Many seniors take daily prescription medications, some which are crucial and life-supporting. If you’re home for the holidays for an extended period, or hosting an aging loved one, take notice of their medication schedule and observe how committed they are to staying on it. As you know, medications schedules should be adhered to like clockwork, especially if the medications are life-supporting, as many are. Ideally, your loved one is taking their medication on the proper days and at the exact times as directed by their physician, but after taking notice if you find that they’re skipping days then that’s a problem.
Additionally, as we age it’s not unusual to be more forgetful, but forgetting to take medications can cause detrimental health effects. And seniors who experience regular forgetfulness or who may be in the early stages of dementia could possibly double their medications because they’ve forgotten that they already took them earlier in the day. This is not a good situation either.
So, if your loved one is experiencing any of the aforementioned problems it could be time to consider senior living in a community that will ensure their medications are never skipped, doubled, or forgotten altogether.
Changes in Behavior or Personality
The onset of dementia can bring about personality changes that you and your family may not have expected. Dementia can sometimes cause outbursts from your loved one. These outbursts could be due to mental changes, or possibly because your loved one is fearful of losing control of abilities they once took for granted. It’s understandable that one would be scared and filled with anxiety if they knew that they were sliding into dementia. We all have our moments of frustration but if these personality changes are concerning or frequent, you may want to consider the supportive environment senior living offers.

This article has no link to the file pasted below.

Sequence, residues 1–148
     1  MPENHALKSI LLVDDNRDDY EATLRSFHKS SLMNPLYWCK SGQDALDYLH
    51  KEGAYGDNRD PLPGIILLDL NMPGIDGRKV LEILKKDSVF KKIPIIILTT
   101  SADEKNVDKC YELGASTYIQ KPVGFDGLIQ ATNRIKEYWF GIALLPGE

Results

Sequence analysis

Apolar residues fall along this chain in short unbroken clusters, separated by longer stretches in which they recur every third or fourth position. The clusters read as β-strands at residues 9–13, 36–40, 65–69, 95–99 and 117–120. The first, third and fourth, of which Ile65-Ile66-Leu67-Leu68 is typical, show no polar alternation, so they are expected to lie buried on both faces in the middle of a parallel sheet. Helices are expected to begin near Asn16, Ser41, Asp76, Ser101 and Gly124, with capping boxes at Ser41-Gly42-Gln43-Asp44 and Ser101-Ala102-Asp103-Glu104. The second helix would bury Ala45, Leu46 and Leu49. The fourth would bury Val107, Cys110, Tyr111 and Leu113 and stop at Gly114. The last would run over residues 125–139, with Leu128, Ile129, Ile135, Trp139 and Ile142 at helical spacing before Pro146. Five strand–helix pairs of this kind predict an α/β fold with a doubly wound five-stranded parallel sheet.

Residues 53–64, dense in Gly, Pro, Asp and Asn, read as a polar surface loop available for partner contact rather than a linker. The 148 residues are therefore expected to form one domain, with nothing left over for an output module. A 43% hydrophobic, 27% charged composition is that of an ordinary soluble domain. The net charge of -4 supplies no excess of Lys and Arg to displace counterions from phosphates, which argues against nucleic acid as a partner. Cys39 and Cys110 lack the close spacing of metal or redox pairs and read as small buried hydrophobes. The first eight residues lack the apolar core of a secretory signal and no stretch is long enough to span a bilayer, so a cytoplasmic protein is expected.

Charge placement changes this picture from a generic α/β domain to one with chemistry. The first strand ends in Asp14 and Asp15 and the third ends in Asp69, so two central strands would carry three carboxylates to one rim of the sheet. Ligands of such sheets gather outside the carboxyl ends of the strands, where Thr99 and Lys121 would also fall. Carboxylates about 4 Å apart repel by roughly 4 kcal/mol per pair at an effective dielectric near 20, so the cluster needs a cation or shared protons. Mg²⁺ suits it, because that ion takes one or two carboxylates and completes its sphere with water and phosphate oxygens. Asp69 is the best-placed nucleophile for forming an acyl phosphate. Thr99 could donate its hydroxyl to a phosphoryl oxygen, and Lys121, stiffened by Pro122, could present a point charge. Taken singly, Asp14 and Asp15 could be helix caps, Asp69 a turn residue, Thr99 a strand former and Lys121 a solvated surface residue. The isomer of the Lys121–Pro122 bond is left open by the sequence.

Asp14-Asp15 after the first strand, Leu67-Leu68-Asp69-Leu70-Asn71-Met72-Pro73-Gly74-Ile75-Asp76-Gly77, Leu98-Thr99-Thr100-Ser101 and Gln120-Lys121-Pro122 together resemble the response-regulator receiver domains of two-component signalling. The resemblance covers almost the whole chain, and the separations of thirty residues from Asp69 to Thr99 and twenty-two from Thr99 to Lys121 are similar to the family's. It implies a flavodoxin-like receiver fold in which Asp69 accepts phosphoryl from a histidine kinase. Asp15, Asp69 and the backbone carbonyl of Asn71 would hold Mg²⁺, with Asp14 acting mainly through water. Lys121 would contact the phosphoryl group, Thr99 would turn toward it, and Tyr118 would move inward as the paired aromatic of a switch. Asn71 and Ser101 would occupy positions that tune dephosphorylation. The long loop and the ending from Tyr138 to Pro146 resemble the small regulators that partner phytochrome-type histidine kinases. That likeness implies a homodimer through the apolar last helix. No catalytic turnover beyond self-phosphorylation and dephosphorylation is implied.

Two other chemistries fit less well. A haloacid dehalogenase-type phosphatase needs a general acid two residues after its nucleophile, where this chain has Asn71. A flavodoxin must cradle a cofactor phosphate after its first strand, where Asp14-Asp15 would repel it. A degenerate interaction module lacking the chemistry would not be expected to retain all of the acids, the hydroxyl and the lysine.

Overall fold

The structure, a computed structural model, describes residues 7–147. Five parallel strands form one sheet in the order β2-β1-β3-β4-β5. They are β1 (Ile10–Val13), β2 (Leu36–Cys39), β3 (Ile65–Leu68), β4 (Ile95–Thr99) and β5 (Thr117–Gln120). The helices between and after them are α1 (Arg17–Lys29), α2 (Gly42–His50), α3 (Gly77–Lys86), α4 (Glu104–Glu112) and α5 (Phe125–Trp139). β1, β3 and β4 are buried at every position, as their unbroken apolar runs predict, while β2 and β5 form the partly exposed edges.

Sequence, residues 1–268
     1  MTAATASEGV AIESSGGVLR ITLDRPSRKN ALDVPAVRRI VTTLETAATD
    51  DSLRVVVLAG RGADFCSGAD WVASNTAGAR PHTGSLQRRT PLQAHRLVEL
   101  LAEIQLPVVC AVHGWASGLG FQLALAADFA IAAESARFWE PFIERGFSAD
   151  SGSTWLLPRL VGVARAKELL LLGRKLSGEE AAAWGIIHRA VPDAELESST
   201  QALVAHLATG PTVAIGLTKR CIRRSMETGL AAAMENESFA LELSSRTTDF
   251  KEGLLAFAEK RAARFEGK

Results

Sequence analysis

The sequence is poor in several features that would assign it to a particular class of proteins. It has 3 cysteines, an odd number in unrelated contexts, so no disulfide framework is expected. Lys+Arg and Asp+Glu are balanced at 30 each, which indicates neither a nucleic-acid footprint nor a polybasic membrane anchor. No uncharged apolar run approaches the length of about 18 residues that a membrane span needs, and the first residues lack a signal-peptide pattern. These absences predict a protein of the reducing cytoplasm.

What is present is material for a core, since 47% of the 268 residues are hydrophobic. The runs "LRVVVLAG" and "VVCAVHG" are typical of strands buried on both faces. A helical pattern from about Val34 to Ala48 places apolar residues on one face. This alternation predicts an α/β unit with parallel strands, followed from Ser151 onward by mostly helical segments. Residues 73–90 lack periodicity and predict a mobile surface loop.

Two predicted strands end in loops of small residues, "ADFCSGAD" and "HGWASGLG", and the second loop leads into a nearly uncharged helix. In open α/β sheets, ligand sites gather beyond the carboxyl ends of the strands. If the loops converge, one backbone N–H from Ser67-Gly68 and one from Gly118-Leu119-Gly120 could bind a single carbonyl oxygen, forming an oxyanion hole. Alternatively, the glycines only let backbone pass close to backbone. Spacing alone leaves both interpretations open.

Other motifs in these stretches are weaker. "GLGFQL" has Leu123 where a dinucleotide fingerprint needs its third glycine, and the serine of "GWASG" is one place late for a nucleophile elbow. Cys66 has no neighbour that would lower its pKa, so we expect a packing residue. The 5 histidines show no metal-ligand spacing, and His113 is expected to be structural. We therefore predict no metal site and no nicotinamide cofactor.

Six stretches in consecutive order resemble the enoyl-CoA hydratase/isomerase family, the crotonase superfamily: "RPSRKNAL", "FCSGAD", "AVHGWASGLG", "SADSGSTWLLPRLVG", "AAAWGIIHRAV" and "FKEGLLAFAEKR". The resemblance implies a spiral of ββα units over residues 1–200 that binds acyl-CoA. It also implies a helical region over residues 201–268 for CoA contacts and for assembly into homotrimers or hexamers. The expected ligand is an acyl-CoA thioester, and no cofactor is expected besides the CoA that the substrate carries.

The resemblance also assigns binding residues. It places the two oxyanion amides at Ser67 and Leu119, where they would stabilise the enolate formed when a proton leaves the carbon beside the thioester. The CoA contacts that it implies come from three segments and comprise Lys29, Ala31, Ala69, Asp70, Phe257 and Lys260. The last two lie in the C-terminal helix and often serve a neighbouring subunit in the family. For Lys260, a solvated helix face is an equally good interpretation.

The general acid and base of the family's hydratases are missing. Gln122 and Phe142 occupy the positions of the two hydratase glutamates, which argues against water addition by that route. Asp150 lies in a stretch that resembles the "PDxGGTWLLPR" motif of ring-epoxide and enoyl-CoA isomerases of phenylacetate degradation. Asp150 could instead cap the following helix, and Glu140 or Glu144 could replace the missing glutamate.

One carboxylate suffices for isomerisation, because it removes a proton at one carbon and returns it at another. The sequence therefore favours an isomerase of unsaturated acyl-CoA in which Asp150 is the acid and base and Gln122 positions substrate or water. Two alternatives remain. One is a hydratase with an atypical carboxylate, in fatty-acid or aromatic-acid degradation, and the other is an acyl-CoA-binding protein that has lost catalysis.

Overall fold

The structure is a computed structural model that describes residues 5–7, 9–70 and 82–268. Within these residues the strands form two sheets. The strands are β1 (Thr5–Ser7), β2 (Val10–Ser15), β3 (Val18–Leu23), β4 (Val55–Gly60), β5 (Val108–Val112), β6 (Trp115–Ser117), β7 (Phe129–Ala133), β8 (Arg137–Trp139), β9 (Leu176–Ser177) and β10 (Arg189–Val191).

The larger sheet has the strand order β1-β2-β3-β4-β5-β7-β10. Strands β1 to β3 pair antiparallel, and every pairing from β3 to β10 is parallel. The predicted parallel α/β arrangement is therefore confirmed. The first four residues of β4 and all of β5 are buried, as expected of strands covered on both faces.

An Abundance of Weekly Medical Appointments
Spending the holidays with an aging parent is an opportunity to not only enjoy the fun and fellowship of this special season together, but it’s also a good time to talk to them about their health and the future of their care. You may discover that their need to see physicians and specialists has increased since you last checked in. Having an abundance of appointments can be stressful if they have to drive or arrange transportation. It can be overwhelming for some, and if so, it could be a good time to discuss their senior living community options.
Residing in a senior community can alleviate their stress, and yours, knowing that senior community team members will always get your loved one to their medical appointments, or in some cases, even arrange for the specialists to come to the senior community.
Sometimes it’s not just your loved one that should be observed — sometimes it’s you. Take time this holiday season with an aging parent to assess how you’re doing, because how you’re feeling can certainly impact how they’re going to feel. If you’re a primary caregiver for a senior loved one then you know it can be a lot of work, and you may feel overwhelmed if you already have a full plate of responsibilities. No one is a superhero in real life, only in the movies. But if you’re feeling anxiety, loved ones can feel that too, and therefore it may be time to consider senior living.
Senior living communities today are vibrant and social environments, and getting a little help can be a stress-reducer for your aging loved one, and you too. After you make the transition to a community, you’ll likely find that there’s more time to simply enjoy being together, and that… is what family is all about.
Happy Holidays From Our Family at The Pavilion at Great Hills to Yours!
We hope this holiday season brings your whole family joy. It is, as they say, the most wonderful time of the year. And we hope the time you spend observing your aging parent yields no surprises and that all is well, but if you do find that problems are arising, call us. At The Pavilion at Great Hills, we know what you’re going through, and we understand the challenges that seniors face. We’re here to help whether you have just a simple question about our community, or if you’re ready to schedule a tour with your loved one. Call us, and let our family be there for yours this holiday season.